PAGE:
How a Latvian man allegedly used Startribune.com to steal millions

Peteris Sahurovs, 28, of Latvia has finally appeared in a Minnesota court years after being indicted for a scheme that put “scareware” on people’s computers.

Once installed on a computer, it reports that the computer’s security software has detected a virus, then jams up the computer until the user gives up a credit card number to buy anti-virus software. The anti-virus software is phony.

If we can only harness this type of ingenious thievery for good.

But that’s not even the most ingenious part of the scheme.

This is, as detailed in a press release from the U.S. Attorney’s Office.

According to the indictment, SAHUROVS and members of the conspiracy relied on fraudulent online advertising to spread their malware. The defendants created a phony advertising agency and claimed that they represented an American hotel chain that wanted to purchase online advertising space on the Minneapolis Star Tribune’s news website, startribune.com. After their advertisement began running on the website, the defendants changed the computer code in the ad so that the computers of visitors to the startribune.com were infected with malware.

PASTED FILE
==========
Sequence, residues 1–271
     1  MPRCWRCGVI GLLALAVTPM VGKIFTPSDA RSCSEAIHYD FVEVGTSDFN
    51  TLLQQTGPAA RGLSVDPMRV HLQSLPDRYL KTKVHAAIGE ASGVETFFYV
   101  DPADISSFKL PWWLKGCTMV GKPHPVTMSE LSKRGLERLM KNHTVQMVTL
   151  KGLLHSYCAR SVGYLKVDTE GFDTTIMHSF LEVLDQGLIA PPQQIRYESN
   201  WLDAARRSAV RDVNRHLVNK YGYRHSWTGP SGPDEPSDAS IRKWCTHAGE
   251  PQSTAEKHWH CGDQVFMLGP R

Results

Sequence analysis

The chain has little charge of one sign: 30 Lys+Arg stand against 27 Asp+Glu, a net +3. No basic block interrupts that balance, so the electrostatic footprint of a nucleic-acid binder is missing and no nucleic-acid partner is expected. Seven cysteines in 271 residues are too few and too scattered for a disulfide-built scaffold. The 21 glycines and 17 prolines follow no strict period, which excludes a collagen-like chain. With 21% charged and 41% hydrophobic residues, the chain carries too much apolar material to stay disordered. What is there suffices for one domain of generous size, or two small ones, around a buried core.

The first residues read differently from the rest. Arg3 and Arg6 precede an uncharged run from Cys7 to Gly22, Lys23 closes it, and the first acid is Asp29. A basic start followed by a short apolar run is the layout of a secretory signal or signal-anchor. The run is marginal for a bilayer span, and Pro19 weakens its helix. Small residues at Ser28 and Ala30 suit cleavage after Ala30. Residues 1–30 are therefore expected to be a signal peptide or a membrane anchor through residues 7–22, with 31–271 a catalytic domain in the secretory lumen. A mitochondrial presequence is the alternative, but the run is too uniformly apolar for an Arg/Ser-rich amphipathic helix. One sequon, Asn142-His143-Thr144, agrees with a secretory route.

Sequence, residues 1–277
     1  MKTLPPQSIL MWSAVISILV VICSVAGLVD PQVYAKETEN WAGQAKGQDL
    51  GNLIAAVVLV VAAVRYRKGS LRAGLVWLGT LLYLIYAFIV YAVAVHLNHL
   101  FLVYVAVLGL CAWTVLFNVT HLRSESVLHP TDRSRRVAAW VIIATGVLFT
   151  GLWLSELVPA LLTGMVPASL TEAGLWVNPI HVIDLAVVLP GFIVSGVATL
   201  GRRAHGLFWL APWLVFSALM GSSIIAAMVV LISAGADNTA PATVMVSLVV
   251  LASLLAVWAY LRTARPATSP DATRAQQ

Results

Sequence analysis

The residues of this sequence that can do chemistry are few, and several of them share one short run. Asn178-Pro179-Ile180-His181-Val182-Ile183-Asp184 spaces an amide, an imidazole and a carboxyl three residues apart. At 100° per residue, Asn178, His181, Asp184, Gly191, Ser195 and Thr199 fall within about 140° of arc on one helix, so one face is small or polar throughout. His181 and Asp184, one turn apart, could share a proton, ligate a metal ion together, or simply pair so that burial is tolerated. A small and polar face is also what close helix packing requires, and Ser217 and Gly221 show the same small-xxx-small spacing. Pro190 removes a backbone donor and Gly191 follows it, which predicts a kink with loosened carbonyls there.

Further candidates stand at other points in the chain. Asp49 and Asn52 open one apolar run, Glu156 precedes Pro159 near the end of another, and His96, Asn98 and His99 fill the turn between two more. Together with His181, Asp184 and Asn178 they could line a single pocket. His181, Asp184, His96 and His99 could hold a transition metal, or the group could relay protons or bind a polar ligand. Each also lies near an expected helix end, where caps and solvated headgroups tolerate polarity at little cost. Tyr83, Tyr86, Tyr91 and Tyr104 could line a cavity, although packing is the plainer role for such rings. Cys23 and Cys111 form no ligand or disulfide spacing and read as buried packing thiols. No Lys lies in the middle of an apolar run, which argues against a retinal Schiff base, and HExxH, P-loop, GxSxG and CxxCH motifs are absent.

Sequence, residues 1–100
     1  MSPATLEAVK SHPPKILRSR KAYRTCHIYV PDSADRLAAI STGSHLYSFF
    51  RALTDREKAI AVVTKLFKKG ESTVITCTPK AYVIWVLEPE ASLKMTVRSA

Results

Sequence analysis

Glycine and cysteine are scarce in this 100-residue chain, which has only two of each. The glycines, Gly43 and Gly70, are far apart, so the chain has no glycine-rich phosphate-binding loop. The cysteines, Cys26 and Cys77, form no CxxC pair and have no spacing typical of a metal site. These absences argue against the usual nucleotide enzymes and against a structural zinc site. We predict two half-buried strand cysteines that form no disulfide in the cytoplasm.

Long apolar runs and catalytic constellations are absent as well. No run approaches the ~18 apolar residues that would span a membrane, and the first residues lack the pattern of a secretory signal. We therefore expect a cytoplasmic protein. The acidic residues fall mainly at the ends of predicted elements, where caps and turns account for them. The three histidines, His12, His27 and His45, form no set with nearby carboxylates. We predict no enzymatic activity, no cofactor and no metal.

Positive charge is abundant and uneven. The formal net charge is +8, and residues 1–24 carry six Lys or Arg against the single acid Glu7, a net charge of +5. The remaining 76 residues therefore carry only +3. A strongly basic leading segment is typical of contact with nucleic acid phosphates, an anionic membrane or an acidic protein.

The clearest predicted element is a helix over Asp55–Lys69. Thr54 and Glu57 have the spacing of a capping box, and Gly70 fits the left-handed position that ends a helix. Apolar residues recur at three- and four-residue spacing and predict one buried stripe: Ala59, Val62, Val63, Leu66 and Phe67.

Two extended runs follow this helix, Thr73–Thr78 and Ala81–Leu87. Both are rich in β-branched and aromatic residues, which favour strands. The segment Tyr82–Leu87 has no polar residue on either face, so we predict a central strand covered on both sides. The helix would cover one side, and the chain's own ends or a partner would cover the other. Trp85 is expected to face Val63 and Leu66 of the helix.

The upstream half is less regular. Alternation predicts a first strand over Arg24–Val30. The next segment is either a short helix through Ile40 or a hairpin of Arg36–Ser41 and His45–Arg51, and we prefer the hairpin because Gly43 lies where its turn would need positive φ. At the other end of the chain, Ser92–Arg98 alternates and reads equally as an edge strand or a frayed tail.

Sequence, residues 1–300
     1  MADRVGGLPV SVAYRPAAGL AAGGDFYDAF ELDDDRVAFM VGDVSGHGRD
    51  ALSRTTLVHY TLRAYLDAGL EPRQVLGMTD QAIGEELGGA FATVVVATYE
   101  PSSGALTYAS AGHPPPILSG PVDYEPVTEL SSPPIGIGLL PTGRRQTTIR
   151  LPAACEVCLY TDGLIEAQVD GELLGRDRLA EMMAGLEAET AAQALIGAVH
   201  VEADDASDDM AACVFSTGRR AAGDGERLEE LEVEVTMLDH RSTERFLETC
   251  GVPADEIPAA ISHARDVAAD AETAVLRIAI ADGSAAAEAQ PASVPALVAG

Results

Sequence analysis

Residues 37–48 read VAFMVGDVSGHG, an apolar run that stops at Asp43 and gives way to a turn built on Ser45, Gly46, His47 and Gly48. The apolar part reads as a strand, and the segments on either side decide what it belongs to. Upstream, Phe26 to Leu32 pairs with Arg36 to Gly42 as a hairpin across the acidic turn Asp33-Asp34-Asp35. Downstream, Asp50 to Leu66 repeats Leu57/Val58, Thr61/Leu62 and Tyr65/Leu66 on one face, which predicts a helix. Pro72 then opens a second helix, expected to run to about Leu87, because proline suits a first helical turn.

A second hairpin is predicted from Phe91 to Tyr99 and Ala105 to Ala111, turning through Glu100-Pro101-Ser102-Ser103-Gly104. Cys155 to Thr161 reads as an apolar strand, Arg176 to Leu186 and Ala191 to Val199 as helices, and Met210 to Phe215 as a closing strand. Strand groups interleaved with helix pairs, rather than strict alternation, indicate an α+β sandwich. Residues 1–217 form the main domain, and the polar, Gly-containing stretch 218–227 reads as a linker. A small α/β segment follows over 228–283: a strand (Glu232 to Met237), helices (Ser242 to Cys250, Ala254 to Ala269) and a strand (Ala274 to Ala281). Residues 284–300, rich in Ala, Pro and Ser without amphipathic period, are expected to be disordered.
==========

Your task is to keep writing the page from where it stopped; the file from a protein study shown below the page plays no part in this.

Sahurovs was indicted in 2011 but fled after being released by a Latvian court. He was arrested in Poland last fall and extradited to Minnesota to face wire fraud charges.

At one time he was listed as the FBI’s fifth most wanted cybercriminal.

(h/t: Paul Tosto)

  • Jack Ungerleider

    Ah, the anti-virus virus. I spent a lot of time cleaning up from that one. It got to the point I could provide the instructions over the phone from memory.

  • Tyler

    Always be running an ad-blocker in your web browser. It’s not just to prevent annoying ads; it’s also a security measure.